1916 dublin viewScenes of destruction in Dublin during the rebellion

In the public space of commemoration a century later it is likely that those who lost their lives in the military and the civilian population will be remembered as well as those who took part in ‘the Rising’ more than they were 50 years ago.

Historians debate what turned the tide in Ireland. After the rebellion was quelled some of the rebels were pelted with rotten fruit as they were led away to prison. There were many Dublin men serving in the First World War and their wives had little time for men who had stabbed them in the back as they saw it by staging the rebellion.

But the tide would turn. The IRB leaders had reckoned that the sacrifice of their lives would awaken Ireland. The court martials after the rebellion make it very clear that the key leaders expected to give up their lives to the firing squad. The British authorities in Dublin duly obliged, although it is noteworthy that after a concerned expression from the Prime Minister the number of executions seemed to be curtailed.

90 men were sentenced to death by court martial after the Rising, but only 15 of the sentences were actually carried out

 

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“We are all ready to meet our God…Now that we are defeated, outside that barrack wall the people whom we have tried to emancipate have demonstrated nothing but hatred and contempt for us. We would be better off dead as life would be a torture…” Con Colbert (1888-1916). Executed May 8, 1916, age 23. His remarks display his despondency on how the rebellion was received. Those who planned it believed there would have to be defeat and executions to awaken the spirit of Ireland as a nation.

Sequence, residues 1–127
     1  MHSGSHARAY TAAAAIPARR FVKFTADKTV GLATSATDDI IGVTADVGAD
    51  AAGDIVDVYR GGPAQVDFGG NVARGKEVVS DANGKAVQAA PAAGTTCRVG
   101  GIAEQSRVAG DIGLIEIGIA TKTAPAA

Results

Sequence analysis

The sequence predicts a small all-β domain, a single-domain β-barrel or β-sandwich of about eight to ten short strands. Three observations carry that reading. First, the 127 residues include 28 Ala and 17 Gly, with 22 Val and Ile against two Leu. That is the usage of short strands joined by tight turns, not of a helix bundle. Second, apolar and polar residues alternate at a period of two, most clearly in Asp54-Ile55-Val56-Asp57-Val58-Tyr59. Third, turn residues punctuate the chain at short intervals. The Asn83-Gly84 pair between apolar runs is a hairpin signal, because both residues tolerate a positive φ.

Sir Edward Carson, the unionist leader, was not automatically in favour of executions, as his comment shows:  “No true Irishman calls for vengeance. It will be a matter requiring the greatest wisdom and the greatest calmness in dealing with these men. Whatever is done, let it be done not in a moment of temporary excitement but in a moment of deliberation”

Redmond foretold what would follow from the executions when he said: “If any more executions take place in Ireland, the position will become impossible for any constitutional party or leader”

James Stephens, IRB leader, predicted “Ireland…was not with the revolution, but in a few months she will be, and her heart which was withering will be warmed by the knowledge that men have thought her worth dying for.”

Sadly, history shows him to have had a point. Ultimately this is a good example of the pen being mightier than the sword. Physically the rebellion failed. But it has had a good press.